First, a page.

Hava Shalom-Guy, The Crossing of the Jordan by Elijah and Elisha (2 Kings 2:1-18) in Light of the Crossings of the Reed Sea and the Jordan, Beit Mikra vol. 61 (2016), No. 2, The Bialik Institute
|The Bialik Institute|
A comparative consideration of the crossing of the Jordan by the prophets Elijah and Elisha in 2 Kings 2:1-18, against the backdrop of the narratives of the splitting of the Reed Sea (Exod 14) and Joshua’s crossing of the Jordan (Josh 3-4), sheds light on the figures of Elijah and Elisha, the underlying beliefs reflected by their actions, and the formation of the text in its current form. As part of his call-narrative, Elisha performs a miracle similar to that performed by Elijah before his ascent to heaven: using Elijah’s mantle, he crosses the Jordan (v. 15). The definitive similarity between the actions of both prophets prompts a comparison of the links and the differences between the two narratives. The similarities between the actions of the master and his disciple in crossing the Jordan serve to enhance the figure of Elisha. Not only did Elisha inherit Elijah’s mantle but also the supernatural abilities later manifested in the performance of miracles. The differences indicate that nonetheless, Elijah outshone his disciple. Some textual versions, however, represent an attempt to aggrandize Elijah through the addition of the words לא נחצו after the first time Elisha strikes the water. Nonetheless, God plays a greater role in the Elisha narrative.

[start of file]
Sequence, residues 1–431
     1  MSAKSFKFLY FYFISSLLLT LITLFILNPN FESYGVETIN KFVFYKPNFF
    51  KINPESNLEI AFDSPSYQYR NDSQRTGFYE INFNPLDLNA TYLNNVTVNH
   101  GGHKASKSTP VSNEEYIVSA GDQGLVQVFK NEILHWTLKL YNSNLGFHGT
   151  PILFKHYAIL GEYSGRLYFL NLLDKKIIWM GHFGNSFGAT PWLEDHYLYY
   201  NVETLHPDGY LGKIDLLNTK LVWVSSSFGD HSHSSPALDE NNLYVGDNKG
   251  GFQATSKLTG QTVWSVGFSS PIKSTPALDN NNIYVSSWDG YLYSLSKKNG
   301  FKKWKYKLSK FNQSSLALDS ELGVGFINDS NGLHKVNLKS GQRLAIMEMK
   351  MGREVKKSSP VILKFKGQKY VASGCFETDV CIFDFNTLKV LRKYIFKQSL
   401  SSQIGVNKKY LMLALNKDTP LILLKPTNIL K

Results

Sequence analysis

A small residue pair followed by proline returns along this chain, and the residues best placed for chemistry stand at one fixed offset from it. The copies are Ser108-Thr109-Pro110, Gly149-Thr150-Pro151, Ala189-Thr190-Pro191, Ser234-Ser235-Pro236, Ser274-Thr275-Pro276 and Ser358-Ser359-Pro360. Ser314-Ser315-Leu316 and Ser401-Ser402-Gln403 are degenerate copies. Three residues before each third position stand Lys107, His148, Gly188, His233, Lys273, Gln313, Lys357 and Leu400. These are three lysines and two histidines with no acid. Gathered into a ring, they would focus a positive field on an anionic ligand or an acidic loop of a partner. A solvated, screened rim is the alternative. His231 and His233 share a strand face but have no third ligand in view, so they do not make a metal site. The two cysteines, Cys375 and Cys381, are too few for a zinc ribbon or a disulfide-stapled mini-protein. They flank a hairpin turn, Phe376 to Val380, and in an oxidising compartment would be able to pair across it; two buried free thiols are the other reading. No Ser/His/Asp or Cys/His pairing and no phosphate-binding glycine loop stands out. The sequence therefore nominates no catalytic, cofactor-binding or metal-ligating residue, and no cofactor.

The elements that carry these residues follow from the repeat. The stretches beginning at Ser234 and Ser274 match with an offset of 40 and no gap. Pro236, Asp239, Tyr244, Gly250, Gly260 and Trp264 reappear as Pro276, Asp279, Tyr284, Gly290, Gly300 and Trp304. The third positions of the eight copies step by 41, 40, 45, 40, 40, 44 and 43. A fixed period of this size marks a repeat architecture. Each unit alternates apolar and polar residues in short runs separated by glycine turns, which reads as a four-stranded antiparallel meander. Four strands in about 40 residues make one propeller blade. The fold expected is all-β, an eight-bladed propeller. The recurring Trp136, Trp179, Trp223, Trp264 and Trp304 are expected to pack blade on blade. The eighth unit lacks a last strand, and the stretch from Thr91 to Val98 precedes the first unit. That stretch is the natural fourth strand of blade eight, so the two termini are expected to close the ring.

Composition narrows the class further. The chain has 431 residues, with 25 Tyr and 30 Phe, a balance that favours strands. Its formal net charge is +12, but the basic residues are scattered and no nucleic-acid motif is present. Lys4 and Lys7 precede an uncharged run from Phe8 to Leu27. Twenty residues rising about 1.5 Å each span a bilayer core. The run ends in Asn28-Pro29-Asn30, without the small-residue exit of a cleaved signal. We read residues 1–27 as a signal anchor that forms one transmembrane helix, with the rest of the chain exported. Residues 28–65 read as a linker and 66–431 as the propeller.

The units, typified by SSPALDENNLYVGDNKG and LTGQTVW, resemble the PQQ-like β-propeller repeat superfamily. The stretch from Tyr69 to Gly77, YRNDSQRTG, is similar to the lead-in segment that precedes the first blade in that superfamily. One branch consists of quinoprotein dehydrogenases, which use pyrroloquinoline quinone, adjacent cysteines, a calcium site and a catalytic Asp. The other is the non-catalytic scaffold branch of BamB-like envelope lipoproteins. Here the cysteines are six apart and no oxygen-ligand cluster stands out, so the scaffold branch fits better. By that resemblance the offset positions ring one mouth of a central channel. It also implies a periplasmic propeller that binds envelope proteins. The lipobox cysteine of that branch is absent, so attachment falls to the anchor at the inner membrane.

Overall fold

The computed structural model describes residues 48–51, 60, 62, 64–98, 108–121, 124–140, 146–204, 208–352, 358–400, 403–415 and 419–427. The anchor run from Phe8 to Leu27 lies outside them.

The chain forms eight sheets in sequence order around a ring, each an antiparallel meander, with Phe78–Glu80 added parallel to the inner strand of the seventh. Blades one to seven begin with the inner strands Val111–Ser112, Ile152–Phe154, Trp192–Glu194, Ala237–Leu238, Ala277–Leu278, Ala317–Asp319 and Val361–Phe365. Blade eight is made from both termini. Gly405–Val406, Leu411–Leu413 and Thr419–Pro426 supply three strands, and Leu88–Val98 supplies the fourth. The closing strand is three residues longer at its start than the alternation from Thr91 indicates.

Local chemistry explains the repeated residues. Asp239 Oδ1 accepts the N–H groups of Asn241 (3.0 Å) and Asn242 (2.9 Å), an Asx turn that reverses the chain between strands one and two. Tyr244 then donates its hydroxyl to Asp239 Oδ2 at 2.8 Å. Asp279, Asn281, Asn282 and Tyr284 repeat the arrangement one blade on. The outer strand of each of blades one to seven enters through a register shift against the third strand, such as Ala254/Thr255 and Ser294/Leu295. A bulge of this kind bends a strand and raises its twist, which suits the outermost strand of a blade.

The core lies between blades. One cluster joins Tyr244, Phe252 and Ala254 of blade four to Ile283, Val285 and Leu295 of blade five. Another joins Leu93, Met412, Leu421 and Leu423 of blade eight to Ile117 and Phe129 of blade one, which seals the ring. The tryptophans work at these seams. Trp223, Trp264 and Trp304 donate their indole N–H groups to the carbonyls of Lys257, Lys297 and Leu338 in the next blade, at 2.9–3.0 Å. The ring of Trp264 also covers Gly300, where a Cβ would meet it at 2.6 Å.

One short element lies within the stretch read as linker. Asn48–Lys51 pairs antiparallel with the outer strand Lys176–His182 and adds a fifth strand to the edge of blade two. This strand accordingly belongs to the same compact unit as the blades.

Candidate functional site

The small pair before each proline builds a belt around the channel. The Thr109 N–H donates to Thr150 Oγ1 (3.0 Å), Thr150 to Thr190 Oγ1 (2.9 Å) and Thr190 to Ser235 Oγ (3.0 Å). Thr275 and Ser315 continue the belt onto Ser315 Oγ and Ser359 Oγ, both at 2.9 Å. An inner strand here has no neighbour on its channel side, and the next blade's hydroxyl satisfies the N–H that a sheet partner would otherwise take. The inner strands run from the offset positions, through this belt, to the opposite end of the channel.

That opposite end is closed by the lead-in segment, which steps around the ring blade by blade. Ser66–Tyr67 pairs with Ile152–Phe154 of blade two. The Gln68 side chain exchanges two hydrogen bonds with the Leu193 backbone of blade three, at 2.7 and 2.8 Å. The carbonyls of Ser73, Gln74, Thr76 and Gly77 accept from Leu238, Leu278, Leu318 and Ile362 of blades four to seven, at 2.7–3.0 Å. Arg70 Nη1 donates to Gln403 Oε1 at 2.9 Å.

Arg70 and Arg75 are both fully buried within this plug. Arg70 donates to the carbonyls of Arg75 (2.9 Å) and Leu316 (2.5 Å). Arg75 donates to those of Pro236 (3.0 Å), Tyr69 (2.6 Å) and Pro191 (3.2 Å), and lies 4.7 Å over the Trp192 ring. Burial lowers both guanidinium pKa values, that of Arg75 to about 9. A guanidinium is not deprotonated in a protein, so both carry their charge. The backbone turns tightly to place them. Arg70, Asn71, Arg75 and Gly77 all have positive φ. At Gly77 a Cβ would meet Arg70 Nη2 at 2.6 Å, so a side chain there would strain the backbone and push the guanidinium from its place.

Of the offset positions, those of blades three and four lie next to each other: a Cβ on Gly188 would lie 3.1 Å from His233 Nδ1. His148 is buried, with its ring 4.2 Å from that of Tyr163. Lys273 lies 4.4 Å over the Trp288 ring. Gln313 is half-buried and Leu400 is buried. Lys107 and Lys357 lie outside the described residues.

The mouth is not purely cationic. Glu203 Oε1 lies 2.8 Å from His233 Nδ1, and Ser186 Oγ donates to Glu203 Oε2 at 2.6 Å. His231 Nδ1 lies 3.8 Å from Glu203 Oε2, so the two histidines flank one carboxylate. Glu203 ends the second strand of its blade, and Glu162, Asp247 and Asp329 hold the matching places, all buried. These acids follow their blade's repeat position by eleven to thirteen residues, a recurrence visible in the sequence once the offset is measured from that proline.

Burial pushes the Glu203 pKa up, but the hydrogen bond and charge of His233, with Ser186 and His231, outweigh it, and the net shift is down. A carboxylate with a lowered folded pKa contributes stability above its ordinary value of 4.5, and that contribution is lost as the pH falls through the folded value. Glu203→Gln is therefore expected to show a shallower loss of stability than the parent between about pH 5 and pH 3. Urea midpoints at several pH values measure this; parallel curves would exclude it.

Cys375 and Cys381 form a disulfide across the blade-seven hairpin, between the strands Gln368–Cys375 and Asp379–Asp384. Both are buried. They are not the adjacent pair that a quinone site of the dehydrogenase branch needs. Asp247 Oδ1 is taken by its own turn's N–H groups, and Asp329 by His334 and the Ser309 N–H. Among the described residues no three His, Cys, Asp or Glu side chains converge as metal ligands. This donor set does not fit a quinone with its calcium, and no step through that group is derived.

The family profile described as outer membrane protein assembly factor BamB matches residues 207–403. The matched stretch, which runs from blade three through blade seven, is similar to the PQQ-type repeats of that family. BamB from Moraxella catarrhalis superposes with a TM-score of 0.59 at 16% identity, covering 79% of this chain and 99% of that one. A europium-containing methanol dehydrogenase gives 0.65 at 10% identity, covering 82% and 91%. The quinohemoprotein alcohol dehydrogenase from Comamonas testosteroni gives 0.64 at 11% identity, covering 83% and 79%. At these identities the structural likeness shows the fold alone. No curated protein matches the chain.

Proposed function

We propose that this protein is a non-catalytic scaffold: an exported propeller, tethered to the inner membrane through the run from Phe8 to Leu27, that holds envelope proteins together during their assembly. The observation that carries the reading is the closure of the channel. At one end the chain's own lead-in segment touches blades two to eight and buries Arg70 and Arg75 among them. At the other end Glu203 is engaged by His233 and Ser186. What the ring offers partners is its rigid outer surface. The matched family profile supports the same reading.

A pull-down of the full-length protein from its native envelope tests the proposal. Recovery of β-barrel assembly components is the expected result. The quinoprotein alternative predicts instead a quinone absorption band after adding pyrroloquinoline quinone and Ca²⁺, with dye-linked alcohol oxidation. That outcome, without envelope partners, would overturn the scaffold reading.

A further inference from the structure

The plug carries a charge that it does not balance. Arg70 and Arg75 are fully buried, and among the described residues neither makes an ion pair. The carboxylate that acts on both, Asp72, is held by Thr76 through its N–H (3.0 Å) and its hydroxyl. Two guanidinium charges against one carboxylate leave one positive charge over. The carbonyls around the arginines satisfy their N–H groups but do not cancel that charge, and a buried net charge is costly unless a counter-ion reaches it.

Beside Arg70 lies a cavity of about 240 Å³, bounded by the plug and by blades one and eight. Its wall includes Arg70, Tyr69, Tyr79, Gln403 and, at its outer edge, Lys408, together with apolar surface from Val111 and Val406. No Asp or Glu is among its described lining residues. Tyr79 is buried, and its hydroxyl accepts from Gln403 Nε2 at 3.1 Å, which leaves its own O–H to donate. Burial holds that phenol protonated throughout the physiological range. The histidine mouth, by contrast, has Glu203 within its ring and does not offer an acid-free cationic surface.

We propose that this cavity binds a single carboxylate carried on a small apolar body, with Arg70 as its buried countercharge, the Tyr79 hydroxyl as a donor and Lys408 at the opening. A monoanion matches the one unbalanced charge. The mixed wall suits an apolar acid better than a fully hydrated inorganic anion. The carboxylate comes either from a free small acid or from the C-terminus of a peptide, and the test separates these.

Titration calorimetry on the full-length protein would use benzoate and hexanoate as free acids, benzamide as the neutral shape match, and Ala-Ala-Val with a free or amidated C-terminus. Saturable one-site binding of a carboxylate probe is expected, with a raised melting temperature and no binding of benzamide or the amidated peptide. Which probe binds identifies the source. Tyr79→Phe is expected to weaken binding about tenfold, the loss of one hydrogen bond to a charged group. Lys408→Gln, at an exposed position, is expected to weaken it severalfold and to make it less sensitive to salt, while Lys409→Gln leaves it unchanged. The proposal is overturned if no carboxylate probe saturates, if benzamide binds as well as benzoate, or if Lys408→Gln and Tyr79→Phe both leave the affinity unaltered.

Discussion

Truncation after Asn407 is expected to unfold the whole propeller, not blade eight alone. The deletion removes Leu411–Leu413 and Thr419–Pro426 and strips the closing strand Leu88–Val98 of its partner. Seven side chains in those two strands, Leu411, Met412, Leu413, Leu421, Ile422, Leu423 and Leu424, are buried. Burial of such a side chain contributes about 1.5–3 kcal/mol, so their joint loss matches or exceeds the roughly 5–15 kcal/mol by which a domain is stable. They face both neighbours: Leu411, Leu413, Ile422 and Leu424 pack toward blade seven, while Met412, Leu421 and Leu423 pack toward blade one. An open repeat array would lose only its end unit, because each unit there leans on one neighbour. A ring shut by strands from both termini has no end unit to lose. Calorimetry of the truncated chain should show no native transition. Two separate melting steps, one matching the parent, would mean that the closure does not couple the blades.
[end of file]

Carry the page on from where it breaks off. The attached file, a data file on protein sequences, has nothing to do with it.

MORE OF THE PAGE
The affinities to the story of the splitting of the Reed Sea and of the crossing of the Jordan in Joshua’s day contribute to a more profound examination of the actions of the master and his disciple and assist the definition of these narratives’ elements and their modification. These narratives share the motif of a miraculous crossing of a body of water and additional elements: plot, language, character formation, and beliefs regarding the nature of the miracle, especially the balance between divine and human forces in its implementation. However, linguistic affinities between the Elijah and Elisha narratives and the crossing of the Jordan show that it, not the narrative of the crossing of the Reed Sea, influenced their formation. This perhaps reflects the shared element of the Jordan River as the locus of events.